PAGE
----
• It will be further appreciated that the grid wires 22 are formed onto the laminate 42 prior to application of the laminate 42 onto the CIGS solar cell 10. Thus, if the grid wires 22 are poorly arranged on a portion of the laminate 42, that portion of the laminate 42 can then be removed from the manufacturing process chain and not applied to the solar cell 10. This is in contrast to deposition of conductive busbars or grids directly onto the solar cell 10 where erroneous or poor application of the conventional busbar or grid onto the solar cell 10 usually requires the removal of the entire solar cell 10 from the manufacturing process chain.
  • FIGS. 7A and 7B are top and bottom views of a laminate material 60, similar to the laminate 42 of FIGS. 5A, 5B and 6, that includes encapsulated grid wires 22. As shown, the laminate material 60 is formed into a sheet having a first side 62 and a second side 64 with a plurality of openings 66 extending from the first side 62 to the second side 64. As shown in FIG. 7B, a plurality of grid wires 22 may be adhered to the second side 64 of the sheet 60 in a manner similar to the manner discussed above.
  • As shown, the grid wires 22 are generally extending in a direction that is perpendicular to the direction of openings 66. The openings 66 are generally comprised of a plurality of openings 66 a-66 e arranged into a line. The openings 66 a-66 e are generally sized and located so that each of the grid wires 22 extends across one of the openings 66 a-66 e or can otherwise be electrically contacted there through.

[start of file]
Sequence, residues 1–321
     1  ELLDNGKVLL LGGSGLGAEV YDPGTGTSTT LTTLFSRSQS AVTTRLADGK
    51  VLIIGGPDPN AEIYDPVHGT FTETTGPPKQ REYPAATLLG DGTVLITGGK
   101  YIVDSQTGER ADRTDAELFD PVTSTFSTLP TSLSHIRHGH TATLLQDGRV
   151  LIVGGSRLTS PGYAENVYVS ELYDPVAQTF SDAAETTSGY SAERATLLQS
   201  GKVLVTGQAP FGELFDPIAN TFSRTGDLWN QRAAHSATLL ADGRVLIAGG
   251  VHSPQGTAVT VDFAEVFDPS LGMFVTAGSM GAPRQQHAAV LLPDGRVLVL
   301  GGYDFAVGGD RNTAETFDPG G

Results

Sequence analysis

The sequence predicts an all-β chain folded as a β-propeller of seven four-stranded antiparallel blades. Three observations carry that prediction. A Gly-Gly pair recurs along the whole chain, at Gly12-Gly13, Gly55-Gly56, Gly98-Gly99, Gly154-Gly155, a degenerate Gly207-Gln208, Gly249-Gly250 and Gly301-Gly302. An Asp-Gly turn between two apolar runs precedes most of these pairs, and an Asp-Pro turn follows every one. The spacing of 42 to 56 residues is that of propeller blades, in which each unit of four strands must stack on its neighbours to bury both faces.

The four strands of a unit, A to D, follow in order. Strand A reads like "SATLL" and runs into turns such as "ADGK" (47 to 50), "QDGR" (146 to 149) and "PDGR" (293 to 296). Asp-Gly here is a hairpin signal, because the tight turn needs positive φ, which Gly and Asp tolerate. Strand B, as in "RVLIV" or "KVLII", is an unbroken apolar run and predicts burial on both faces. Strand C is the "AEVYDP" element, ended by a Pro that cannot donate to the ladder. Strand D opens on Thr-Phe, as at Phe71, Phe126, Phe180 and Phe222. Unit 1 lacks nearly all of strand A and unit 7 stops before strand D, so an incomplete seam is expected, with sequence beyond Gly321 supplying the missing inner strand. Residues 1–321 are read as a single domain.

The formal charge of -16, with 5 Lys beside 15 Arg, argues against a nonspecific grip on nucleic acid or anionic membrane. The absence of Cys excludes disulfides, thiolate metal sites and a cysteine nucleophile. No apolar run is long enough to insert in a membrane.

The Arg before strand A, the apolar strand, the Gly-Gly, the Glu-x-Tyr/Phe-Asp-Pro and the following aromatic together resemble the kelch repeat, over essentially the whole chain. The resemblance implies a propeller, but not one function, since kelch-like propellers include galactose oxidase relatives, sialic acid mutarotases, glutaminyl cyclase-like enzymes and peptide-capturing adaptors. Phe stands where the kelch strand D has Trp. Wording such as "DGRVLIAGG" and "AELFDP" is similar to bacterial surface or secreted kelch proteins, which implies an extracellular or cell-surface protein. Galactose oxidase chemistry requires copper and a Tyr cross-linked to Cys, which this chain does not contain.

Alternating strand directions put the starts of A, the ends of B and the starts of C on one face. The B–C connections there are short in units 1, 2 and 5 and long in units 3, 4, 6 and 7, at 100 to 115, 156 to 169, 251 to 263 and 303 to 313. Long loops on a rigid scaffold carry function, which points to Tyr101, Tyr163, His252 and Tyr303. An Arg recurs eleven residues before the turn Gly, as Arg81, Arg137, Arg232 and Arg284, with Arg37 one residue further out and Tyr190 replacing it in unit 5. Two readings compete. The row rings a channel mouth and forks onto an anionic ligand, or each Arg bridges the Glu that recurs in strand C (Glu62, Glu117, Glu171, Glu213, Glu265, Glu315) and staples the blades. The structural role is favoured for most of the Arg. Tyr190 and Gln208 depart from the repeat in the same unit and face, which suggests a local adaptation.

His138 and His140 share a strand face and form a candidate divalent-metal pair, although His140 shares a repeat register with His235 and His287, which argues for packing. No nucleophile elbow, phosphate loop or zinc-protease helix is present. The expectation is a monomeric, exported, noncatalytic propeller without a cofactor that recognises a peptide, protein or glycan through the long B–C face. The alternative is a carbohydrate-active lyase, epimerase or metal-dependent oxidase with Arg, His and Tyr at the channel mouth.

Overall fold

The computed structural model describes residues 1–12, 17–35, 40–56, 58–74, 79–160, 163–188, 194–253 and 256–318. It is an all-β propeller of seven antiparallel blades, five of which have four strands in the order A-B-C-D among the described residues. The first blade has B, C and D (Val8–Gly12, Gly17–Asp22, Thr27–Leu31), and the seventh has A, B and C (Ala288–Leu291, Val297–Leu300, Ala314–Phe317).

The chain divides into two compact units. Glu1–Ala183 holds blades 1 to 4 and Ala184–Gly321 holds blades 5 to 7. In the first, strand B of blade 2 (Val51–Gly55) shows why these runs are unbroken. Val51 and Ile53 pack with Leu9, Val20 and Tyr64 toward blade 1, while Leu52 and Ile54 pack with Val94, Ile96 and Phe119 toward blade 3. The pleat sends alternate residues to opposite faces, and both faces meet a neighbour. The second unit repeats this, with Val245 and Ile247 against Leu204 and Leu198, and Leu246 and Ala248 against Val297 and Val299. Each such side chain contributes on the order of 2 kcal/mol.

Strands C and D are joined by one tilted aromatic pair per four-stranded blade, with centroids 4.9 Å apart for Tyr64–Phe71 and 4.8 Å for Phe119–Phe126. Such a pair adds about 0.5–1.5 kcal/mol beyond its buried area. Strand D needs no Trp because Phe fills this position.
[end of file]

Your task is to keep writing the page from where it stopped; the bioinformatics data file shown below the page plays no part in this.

• The sheet 60 is formed as a laminate sheet suitable for cutting such that individual pieces of laminate 70, such as the laminate 42 described above in connection with FIGS. 5A, 5B and 6, can be cut from the sheet 60. In the exemplary embodiment shown in FIGS. 7A and 7B, there are a total of 19 different individual pieces of laminate that can be formed by cutting the sheet 60 where each individual piece will be able to couple between two different solar cells 20 in a shingling manner
  • Referring now to FIGS. 8A-8C, the use of individual pieces of laminate 70 cut from the sheet 60 will now be described in forming a shingled arrangement of solar cells 20. FIGS. 8A-8C illustrate a top view with a superimposed side view of an individual laminate piece 70 as it is positioned on the solar cell 20. For clarity, the underlying grid wires 22 are shown through a transparent top view of the laminate piece 70. In this implementation, the laminate piece 70 comprises a laminate of a carrier 40 with an adhesive 44 attached thereto encapsulating the grid wires 22 in substantially the same manner as described above.